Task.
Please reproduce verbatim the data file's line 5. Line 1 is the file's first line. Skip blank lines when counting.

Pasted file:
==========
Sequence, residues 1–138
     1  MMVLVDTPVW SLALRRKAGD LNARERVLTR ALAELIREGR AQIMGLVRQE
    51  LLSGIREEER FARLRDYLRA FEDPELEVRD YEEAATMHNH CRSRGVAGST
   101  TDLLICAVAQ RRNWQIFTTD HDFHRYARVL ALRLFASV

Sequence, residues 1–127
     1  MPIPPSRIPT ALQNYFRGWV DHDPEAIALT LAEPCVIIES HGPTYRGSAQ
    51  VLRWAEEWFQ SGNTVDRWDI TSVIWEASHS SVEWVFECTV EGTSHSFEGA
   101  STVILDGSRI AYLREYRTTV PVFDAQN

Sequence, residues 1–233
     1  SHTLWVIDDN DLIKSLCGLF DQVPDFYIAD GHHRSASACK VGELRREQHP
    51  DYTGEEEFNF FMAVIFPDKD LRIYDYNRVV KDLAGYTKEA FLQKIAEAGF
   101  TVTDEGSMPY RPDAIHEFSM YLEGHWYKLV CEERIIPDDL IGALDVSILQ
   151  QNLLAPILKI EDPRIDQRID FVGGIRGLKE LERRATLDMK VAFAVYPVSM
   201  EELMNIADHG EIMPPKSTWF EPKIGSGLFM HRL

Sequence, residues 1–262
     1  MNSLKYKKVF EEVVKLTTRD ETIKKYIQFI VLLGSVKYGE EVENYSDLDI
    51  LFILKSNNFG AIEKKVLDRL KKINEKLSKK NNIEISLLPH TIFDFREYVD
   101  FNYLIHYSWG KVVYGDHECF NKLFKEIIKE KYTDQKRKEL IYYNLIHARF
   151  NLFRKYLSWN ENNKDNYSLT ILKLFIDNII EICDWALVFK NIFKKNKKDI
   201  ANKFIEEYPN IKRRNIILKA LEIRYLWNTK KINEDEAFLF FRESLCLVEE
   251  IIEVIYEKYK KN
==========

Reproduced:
Sequence, residues 1–127